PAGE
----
Eskom may need a debt-service bailout to survive its liquidity crunch, Morgan Stanley has said, as the state power company struggles under a debt load of R419bn after years of mismanagement.
Eskom told bond investors in London last week it wants to transfer some liabilities to the Treasury. But that’s not feasible since it would "very likely" trigger a credit-rating downgrade of South Africa and capital outflows, according to Eurasia, a New York-based risk consultancy.
A suggestion by Alan Pullinger, the head of FirstRand Ltd., that Eskom sell two huge coal-fired plants will be tricky since the government may prevent any investor from cutting jobs.
Morgan Stanley proposes something else: National Treasury could pay some of Eskom’s debt-service costs for a set amount of time. That would be akin to bailing out the company and improving its cash flow at a lower cost to the government.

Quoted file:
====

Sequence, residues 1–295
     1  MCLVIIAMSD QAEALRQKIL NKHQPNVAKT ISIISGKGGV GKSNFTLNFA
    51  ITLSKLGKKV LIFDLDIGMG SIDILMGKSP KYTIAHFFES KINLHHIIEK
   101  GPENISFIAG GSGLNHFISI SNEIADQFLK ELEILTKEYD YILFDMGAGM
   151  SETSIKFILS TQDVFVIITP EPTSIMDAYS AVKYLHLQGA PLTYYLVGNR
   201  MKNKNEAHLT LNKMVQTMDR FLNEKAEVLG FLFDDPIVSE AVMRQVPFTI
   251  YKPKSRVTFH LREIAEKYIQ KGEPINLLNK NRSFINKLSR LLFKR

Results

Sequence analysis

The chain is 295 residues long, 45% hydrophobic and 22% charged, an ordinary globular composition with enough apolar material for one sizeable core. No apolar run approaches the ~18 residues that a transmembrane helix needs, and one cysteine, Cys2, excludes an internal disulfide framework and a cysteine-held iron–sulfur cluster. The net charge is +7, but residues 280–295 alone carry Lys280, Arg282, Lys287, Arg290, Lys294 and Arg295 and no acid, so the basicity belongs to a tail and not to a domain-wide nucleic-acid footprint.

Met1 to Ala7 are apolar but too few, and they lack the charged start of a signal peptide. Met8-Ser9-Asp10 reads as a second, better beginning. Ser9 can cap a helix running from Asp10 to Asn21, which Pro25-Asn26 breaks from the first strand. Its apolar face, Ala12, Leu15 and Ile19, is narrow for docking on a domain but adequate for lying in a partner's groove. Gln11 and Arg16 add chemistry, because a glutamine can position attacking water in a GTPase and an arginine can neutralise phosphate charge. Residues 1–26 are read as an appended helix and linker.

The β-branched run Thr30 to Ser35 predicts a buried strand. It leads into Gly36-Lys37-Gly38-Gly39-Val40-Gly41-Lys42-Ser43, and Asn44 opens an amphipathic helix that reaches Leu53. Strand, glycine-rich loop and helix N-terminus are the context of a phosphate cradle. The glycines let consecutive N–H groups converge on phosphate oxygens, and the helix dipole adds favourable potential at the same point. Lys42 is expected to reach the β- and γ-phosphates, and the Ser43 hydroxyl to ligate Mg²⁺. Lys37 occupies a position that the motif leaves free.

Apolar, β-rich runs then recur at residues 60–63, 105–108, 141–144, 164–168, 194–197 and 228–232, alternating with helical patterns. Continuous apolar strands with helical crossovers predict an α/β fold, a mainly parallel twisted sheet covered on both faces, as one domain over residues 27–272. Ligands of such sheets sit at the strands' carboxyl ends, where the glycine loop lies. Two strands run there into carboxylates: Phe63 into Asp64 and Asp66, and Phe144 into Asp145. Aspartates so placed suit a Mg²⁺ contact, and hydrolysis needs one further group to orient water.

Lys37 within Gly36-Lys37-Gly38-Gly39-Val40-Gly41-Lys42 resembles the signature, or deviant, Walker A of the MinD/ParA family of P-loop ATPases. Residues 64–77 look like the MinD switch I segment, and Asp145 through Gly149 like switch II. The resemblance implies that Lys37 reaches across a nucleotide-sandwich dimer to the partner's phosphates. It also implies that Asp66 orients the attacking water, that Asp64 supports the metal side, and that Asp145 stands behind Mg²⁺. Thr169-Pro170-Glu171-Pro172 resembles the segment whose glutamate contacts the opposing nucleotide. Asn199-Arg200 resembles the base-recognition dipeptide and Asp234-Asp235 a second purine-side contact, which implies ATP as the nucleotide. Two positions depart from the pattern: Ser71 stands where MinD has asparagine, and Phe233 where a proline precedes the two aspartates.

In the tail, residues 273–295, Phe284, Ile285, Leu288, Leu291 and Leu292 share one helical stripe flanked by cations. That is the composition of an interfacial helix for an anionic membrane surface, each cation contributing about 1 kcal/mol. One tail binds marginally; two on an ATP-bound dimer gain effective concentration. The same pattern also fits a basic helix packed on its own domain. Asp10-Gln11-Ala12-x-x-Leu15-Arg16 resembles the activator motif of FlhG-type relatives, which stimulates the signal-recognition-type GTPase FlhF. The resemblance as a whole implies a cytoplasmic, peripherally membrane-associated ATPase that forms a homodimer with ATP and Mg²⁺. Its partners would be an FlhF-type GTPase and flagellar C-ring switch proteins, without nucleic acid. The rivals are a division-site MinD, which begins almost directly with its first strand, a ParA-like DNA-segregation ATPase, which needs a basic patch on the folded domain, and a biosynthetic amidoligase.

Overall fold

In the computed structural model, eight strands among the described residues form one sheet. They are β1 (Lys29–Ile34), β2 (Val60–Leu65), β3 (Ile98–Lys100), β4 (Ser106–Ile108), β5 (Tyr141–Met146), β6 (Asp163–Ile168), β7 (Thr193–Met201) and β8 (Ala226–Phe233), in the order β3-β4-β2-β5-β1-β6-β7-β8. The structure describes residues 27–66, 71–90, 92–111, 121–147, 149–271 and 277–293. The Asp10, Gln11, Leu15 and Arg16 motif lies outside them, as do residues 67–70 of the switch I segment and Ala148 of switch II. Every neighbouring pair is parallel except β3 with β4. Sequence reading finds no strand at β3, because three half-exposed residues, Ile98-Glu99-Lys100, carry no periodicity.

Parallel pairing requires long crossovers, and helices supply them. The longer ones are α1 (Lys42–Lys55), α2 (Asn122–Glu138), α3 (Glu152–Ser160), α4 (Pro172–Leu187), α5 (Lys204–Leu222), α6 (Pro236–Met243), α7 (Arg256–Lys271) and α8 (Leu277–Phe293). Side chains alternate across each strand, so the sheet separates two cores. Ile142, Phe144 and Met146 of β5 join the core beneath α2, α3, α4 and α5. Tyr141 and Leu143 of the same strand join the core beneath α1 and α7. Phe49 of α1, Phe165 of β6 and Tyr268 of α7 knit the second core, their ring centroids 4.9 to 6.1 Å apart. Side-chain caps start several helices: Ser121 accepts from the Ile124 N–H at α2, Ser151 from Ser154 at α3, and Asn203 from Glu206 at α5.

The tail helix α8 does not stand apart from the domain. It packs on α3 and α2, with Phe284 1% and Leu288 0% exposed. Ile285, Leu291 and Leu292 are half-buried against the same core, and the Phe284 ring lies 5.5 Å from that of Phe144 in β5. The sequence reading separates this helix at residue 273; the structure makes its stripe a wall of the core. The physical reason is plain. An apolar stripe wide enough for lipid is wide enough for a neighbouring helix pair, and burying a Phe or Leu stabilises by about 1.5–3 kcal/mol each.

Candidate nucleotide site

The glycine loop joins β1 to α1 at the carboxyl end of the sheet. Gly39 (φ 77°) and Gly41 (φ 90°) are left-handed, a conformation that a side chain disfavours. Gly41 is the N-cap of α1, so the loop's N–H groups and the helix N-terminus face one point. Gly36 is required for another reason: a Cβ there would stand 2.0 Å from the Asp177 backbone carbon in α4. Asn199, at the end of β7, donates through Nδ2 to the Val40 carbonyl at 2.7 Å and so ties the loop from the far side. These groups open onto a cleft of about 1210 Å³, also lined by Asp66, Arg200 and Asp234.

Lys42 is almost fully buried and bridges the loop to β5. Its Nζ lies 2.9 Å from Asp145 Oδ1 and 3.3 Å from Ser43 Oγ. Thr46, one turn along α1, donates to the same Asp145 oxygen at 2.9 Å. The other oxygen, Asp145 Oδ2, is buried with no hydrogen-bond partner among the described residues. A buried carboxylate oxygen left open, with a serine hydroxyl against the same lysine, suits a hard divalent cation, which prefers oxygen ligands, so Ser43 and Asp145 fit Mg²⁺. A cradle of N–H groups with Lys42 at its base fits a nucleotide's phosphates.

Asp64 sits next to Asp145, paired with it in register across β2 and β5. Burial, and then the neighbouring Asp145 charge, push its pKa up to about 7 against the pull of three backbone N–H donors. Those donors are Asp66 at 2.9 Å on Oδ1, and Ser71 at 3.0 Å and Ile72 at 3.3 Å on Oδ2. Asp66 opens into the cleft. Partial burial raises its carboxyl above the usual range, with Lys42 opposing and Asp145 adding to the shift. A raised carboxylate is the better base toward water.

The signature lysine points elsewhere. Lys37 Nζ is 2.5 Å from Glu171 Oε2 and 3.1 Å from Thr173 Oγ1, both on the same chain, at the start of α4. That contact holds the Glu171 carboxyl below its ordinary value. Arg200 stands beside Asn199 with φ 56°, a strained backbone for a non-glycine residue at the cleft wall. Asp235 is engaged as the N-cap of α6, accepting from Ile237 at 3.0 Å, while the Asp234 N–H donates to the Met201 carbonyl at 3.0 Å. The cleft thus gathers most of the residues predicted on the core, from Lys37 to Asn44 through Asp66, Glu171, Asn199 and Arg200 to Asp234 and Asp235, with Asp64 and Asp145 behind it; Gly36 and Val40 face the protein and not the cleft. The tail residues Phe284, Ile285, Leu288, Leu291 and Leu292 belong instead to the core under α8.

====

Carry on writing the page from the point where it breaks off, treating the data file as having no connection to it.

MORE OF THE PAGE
"In terms of quantum, this could be similar to what an equity injection would have been anyway -- Eskom debt service costs for the six months ended September 2018 were R15.2bn -- but with the added benefit of control over what the injection is being used for," Andrea Masia, a Johannesburg-based economist at the Wall Street bank, said in a note to clients.
Whatever the government decides, it will probably have to act fast. Masia said that Eskom’s financial trouble was "the most common topic investors wanted to talk about" last week. The Eurobond market reflects their angst. Eskom’s $500 million of notes maturing in August 2028, which aren’t guaranteed by the state, are yielding 9.5%, near a record high.